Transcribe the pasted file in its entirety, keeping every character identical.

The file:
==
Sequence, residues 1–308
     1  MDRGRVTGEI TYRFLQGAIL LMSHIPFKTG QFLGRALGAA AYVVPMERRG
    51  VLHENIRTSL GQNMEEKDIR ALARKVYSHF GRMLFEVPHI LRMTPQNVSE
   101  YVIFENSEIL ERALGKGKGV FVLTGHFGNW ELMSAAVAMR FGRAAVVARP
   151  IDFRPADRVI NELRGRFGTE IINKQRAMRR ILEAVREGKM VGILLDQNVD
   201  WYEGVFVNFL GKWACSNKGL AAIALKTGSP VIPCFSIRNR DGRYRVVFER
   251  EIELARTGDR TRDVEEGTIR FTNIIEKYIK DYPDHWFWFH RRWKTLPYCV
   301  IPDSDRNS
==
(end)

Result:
Sequence, residues 1–308
     1  MDRGRVTGEI TYRFLQGAIL LMSHIPFKTG QFLGRALGAA AYVVPMERRG
    51  VLHENIRTSL GQNMEEKDIR ALARKVYSHF GRMLFEVPHI LRMTPQNVSE
   101  YVIFENSEIL ERALGKGKGV FVLTGHFGNW ELMSAAVAMR FGRAAVVARP
   151  IDFRPADRVI NELRGRFGTE IINKQRAMRR ILEAVREGKM VGILLDQNVD
   201  WYEGVFVNFL GKWACSNKGL AAIALKTGSP VIPCFSIRNR DGRYRVVFER
   251  EIELARTGDR TRDVEEGTIR FTNIIEKYIK DYPDHWFWFH RRWKTLPYCV
   301  IPDSDRNS